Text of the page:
Most Startups / SME entrepreneurs neither read audit reports nor analyze the financial statements as the large corporations do.
Most of these entrepreneurs not only lack advisors who can guide them on an ongoing basis, but they also suffer from an ‘I know it all mindset.
Starting a business is easy and does not need any educational degrees, but not able to understand the results of own endeavour is foolishness and can prove disastrous.
Financial illiteracy in business is dangerous, yet it is widespread.
The advice of CFOs/ CAs and Accountants is valuable, but they are not entrepreneurs and therefore financially literate entrepreneurs are better placed in decision making. Therefore, financial literacy is necessary for every entrepreneur.
Not knowing these basic fundamentals of business finance & management makes the entrepreneur vulnerable and this ignorance can cost dearly.
An entrepreneur’s financial literacy is one of the key attributes that directly influences the success of a Startup.
“Being promoted to a top position in your organization, or even being elected to public office, does not suddenly endow you with financial literacy, if you did not acquire and develop it, earlier in your life.” Strive Masiyiwa, founder of Econet Wireless
But surprisingly, financial literacy is an area in which many entrepreneurs are lacking. That is why statistics show that 95% of Startups fail within their first five years due to poor financial management reasons.
Their failure has social, as well as national economic impacts.
This book is an attempt to educate entrepreneurs about how to read the success or failure of their endeavour. I hope banks and Angel Investors, and VCs would gift this book to every borrower & start-up entrepreneur to educate, caution, and prevent NP part of NPA and failure of the venture.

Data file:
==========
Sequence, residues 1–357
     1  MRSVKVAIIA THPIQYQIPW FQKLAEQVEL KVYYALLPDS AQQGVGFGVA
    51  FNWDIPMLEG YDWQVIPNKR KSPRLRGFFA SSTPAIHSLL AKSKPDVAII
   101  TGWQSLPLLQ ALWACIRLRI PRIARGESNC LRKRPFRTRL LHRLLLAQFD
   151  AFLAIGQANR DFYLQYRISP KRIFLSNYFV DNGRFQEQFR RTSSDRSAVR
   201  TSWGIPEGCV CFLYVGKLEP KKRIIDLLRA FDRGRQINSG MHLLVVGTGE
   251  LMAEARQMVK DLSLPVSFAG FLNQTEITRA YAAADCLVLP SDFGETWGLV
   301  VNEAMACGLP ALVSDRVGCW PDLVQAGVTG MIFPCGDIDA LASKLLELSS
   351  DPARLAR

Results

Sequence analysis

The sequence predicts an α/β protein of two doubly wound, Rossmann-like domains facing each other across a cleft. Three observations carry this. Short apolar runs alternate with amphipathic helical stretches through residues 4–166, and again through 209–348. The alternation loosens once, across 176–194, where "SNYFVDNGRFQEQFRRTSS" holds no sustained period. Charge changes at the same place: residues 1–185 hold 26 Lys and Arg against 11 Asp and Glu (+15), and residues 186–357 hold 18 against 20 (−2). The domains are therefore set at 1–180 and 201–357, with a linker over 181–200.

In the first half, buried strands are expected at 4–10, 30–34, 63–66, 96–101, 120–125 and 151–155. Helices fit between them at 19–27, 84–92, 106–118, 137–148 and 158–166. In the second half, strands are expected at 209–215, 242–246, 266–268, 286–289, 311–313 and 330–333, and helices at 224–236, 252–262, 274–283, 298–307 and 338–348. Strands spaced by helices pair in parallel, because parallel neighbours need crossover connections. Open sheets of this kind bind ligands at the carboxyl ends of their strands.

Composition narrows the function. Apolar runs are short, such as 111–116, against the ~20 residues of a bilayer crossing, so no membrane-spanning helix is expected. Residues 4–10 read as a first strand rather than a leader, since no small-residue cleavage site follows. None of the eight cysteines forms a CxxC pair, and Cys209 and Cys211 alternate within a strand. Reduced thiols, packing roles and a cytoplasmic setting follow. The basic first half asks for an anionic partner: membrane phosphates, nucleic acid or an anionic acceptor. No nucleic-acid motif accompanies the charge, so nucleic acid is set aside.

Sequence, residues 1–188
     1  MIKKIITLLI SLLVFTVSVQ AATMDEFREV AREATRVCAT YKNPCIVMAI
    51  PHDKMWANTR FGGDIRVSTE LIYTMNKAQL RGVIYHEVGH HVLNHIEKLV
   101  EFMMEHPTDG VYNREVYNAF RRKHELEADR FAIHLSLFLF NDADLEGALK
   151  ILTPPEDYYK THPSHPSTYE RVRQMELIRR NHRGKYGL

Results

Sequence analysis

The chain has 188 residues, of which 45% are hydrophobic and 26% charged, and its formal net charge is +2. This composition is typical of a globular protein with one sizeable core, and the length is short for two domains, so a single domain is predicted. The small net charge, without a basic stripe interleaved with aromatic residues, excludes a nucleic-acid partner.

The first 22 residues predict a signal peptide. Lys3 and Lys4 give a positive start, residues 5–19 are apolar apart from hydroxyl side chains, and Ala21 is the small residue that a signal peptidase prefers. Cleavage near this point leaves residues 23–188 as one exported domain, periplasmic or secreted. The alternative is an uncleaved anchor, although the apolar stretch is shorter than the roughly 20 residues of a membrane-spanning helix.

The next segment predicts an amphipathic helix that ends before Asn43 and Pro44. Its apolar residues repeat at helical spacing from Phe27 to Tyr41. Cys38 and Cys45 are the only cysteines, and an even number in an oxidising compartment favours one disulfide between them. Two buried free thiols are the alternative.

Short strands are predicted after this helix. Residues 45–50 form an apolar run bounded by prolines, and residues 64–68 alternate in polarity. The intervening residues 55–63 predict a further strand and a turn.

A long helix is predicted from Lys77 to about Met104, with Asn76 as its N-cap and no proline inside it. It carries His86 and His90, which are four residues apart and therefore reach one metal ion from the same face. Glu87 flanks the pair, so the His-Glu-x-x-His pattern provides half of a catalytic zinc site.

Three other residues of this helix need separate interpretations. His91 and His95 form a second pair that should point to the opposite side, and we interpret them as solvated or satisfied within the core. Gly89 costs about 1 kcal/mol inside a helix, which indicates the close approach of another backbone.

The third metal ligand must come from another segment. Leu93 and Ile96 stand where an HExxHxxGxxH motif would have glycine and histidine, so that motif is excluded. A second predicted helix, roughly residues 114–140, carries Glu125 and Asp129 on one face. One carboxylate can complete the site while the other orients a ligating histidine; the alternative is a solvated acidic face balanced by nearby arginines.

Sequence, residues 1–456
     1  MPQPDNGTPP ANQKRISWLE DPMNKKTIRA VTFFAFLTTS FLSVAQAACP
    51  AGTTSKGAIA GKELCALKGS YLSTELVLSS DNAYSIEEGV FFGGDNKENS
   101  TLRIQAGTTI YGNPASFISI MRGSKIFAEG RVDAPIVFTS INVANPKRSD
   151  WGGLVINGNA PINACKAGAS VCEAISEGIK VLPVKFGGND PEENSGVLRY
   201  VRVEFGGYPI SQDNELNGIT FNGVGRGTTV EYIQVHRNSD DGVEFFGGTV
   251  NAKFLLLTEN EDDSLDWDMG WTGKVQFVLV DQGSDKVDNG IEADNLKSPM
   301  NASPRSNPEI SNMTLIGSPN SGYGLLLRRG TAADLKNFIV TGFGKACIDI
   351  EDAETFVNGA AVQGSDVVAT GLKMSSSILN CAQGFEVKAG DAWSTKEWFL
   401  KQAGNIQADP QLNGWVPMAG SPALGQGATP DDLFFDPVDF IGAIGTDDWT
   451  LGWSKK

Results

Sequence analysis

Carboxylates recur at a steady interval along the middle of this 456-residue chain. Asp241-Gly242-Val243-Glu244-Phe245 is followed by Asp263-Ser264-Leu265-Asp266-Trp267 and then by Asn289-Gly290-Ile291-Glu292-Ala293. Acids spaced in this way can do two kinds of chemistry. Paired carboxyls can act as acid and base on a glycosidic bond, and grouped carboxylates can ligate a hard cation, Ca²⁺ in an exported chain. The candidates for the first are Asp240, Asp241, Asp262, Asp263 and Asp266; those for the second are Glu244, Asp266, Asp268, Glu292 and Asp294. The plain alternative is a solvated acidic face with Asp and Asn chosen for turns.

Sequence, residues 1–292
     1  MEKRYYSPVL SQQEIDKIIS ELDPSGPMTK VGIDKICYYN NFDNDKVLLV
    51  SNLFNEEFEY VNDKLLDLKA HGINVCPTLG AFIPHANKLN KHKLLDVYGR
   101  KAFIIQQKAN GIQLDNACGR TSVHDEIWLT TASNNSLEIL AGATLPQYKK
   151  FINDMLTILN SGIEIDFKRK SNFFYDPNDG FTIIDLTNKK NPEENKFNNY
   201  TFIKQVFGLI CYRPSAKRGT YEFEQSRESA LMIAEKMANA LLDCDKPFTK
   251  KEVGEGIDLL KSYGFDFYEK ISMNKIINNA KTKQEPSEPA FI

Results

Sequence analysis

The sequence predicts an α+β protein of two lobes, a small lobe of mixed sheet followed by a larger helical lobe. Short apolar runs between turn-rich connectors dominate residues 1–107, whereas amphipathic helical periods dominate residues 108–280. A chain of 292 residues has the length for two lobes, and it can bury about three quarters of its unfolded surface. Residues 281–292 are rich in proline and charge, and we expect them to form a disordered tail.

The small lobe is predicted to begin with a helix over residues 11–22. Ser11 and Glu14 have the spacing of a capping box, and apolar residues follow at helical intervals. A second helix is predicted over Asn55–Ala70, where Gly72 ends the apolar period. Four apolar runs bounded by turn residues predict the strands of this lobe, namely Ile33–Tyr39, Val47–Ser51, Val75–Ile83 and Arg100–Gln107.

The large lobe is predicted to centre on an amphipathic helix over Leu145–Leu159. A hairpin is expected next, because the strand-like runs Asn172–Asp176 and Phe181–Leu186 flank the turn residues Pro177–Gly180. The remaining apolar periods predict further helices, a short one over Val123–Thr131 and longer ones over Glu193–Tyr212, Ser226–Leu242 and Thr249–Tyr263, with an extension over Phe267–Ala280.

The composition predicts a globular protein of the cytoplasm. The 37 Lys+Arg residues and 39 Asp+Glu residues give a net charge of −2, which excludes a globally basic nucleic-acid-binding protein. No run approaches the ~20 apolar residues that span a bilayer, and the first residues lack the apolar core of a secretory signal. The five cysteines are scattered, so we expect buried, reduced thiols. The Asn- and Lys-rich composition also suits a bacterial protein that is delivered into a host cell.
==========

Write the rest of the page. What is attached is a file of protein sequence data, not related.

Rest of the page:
The impact of business failure is given in the image below.
NPAs are not only weakening banks, but it also weakens the economy and our society. Whereas Startups failure creates a taboo in the minds of young entrepreneurs.
I also hope this will help to avoid NPAs and failure of Startups in the future, though to some extent.
The foreword for the book is written by CA Suresh Prabhu, Former Minister, GOI, and Former Chairman, Saraswat Bank.
The book has received advance praise from CA Shailesh Haribhakti, Chairman, L & T Finance Holdings Ltd, Tamal Bandyopadhyay, Consulting Editor, Business Standard, Bharat Shah, MD, The Ruby Mills Ltd., Ruchi Singh, CEO, Niine Hygiene & Personal Care, Sqdn Ldr. Sumedha Chopra (Retd.), IIM — A Alumna, & Tanutejas Saraswat CEO, ShopKirana.
Here is what the stalwarts have to say:
I think the gamut of subjects covered in this book makes it mandatory reading for every entrepreneur especially start-ups and SMEs. India needs more financially literate entrepreneurs and I am sure this book will serve the purpose for which it is written.
CA Suresh Prabhu, India’s Sherpa to the G7 and G20, Former Minister, GOI.
Sunil’s wonderful book is a fine balance between practice and theory, learning and doing, risk-taking and entrepreneurship, past practices, and future strategies, and provides a dependable guide to the accomplishments and failures of start-ups. It is a must-read for a wide swathe of emerging and thriving 109 Unicorn India.
CA Shailesh Haribhakti, Chairman, L & T Finance Holdings Ltd.
Irrespective of the stage of their businesses, the tribe of entrepreneurs will find this book useful.
Tamal Bandyopadhyay, Consulting Editor, Business Standard.
Originally published at https://wethecouple.com on May 29, 2021.